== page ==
BIRMINGHAM, Ala./SAN FRANCISCO (Reuters) – When the Federal Reserve last month adopted a new “patient” approach to monetary policy, it gave no specific guidance about how long its policy pause would last, or how many more interest-rate increases, if any, were in the offing.
FILE PHOTO: The Federal Reserve building is pictured in Washington, DC, U.S., August 22, 2018. REUTERS/Chris Wattie/File Photo
This week, as disappointing U.S. retail sales and industrial production data raised the prospect that the U.S. economy will slow more quickly than expected, three Fed policymakers gave an answer: one rate hike, or perhaps none at all.
It is not clear how widely those views are shared among all 17 Fed policymakers. Several other policymakers speaking this week were careful not to say how long they expected their own patience on rates to last. The first broad read of their views will come in March, when the Fed next releases forecasts for the economy and rates.
But the projections delivered this week – for one rate hike this year from both Atlanta Federal Reserve Bank President Raphael Bostic and Philadelphia Fed President Patrick Harker; and for perhaps none at all, from San Francisco Fed President Mary Daly – suggest that several at the U.S. central bank see little need to brake the economy for some time yet.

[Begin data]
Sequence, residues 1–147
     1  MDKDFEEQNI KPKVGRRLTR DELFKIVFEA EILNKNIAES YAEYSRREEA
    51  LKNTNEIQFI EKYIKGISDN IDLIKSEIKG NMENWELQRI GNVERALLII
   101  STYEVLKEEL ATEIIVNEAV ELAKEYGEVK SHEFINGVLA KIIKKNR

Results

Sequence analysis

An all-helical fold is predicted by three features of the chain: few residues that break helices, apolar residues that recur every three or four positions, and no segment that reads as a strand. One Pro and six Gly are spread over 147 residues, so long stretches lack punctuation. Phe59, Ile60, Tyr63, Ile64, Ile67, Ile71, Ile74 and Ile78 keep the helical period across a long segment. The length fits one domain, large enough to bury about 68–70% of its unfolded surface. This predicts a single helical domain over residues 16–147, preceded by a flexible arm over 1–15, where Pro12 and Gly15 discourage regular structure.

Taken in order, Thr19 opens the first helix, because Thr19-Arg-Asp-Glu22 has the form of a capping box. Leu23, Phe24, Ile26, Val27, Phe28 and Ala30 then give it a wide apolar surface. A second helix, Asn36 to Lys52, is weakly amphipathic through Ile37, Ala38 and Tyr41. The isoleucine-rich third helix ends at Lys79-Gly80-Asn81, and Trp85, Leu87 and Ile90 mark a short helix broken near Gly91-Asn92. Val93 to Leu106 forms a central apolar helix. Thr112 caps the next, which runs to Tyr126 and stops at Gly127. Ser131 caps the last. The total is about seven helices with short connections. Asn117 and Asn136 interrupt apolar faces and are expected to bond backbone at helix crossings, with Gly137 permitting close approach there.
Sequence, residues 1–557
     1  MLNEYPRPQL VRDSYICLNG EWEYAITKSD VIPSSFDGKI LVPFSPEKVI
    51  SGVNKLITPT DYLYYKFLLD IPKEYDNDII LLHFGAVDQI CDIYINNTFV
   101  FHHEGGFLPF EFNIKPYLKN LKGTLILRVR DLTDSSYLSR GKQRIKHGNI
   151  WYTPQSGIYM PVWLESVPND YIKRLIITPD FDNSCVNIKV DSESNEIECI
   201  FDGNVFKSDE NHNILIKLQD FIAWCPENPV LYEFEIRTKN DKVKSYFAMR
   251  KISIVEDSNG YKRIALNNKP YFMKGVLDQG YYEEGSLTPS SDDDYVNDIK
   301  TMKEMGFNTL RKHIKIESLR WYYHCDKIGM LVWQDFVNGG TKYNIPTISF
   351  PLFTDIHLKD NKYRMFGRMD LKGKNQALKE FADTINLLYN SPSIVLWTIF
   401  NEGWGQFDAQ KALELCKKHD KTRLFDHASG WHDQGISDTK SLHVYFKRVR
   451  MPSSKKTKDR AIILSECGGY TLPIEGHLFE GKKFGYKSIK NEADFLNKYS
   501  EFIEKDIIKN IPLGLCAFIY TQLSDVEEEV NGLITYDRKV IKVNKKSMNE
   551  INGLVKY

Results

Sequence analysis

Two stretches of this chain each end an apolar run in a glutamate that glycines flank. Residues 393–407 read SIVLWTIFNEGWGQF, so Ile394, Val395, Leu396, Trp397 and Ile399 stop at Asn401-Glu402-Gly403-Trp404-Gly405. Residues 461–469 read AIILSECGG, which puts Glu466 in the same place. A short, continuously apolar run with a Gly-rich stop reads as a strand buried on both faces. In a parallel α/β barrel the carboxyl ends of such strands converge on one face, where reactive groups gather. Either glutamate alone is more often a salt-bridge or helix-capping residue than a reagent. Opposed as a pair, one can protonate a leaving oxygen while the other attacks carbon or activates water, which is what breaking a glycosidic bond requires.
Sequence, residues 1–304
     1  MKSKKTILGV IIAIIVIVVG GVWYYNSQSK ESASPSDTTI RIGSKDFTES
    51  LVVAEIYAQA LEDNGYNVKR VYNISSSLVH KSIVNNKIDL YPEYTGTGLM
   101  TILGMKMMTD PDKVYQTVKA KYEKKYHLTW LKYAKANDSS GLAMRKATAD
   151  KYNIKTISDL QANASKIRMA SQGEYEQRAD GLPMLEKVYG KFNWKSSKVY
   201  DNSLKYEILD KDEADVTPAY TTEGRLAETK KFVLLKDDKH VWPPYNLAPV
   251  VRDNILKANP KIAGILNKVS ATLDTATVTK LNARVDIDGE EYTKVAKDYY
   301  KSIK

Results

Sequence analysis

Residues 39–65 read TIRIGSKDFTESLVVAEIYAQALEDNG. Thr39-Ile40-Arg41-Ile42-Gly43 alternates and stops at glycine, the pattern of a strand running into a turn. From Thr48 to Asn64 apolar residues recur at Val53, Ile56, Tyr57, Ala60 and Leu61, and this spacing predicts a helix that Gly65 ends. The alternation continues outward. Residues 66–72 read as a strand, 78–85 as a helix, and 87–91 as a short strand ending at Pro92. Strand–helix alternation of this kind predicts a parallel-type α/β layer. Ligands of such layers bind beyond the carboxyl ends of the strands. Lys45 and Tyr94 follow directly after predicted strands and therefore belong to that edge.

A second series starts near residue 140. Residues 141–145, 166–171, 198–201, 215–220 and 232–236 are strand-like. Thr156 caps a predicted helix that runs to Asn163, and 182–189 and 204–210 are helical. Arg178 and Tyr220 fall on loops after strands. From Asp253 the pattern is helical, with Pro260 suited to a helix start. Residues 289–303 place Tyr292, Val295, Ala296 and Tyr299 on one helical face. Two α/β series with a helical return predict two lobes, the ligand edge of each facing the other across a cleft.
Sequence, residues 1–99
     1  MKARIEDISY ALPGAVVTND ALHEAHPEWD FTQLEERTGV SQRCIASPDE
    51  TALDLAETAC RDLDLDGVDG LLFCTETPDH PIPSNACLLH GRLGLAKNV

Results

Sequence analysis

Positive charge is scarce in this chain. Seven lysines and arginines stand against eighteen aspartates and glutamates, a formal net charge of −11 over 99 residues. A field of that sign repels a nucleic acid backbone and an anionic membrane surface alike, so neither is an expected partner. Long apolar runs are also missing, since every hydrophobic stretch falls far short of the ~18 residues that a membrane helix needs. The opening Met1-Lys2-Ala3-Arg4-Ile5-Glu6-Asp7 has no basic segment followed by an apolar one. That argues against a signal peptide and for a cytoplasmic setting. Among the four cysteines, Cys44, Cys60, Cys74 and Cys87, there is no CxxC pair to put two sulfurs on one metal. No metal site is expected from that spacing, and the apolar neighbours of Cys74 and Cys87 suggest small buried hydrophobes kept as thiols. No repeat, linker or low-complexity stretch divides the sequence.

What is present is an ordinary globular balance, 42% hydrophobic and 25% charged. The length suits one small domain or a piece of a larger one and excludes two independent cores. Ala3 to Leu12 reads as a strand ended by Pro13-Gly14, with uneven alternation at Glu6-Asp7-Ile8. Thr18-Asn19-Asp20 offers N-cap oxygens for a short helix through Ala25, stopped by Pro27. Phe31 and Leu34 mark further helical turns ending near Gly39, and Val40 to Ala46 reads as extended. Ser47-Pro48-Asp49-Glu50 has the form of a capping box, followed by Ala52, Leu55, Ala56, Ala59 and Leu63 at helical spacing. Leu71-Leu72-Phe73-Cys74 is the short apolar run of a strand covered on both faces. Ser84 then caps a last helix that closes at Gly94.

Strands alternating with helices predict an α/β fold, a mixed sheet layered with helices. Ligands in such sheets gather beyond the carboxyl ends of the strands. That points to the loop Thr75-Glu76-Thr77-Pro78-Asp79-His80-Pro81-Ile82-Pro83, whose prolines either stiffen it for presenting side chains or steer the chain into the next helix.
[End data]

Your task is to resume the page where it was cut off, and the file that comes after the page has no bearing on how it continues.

If that view is widely held, the Fed’s March forecasts could show a suddenly flatter path for interest rates that better matches its new ‘patient’ policy. In December, when the Fed raised interest rates a fourth time that year, most Fed policymakers penciled in two more rate hikes for this year.
“If the economy evolves as I just said I expect it to – 2 percent growth, 1.9 percent inflation, no sense that (price pressures are) going up, no sense that we have any acceleration – then I think the case for a rate increase isn’t there” this year, Daly told the Wall Street Journal in an interview.
Though a rate increase could, she said, be appropriate if the economy or inflation unexpectedly surges, “I have moved down from having a penciled-in number to having a very patient outlook” on rates, she told the paper.
Bostic, for his part, repeated on Friday that he is in no rush to raise rates. So far, he said, “our outlook for 2019 is still above trend,” at around 2.3 percent to 2.5 percent, slower than last year but still above his view of the economy’s underlying potential.
Fed officials have for some time said they expect economic growth in 2019 to be less than it was in 2018, when it was propped up by government spending and tax cuts whose impact the central bank expects to wane.
But in recent months the expectation of how fast and deep that slowdown might become has been clouded by slower-than- anticipated growth overseas, and financial market turbulence in the United States that can to some degree spill over into how consumers spend and businesses invest and hire.
Fed Governor Lael Brainard on Thursday flagged those increasing “downside” risks, and said she is comfortable waiting to see how they play out before changing rate policy.
A weak retail sales report for December released this week was followed on Friday by a report showing manufacturing production posted its biggest decline in eight months in January.
Bostic said that has not yet changed his outlook, or his expectation that the Fed will likely need to raise rates once this year.
“I don’t think it represents a fundamental change in my view of the economy,” Bostic said to reporters at a workforce development conference, but if the retail weakness continues “we have to take that on” in economic forecasts.
Reporting by Howard Schneider; Editing by Andrea Ricci and Diane Craft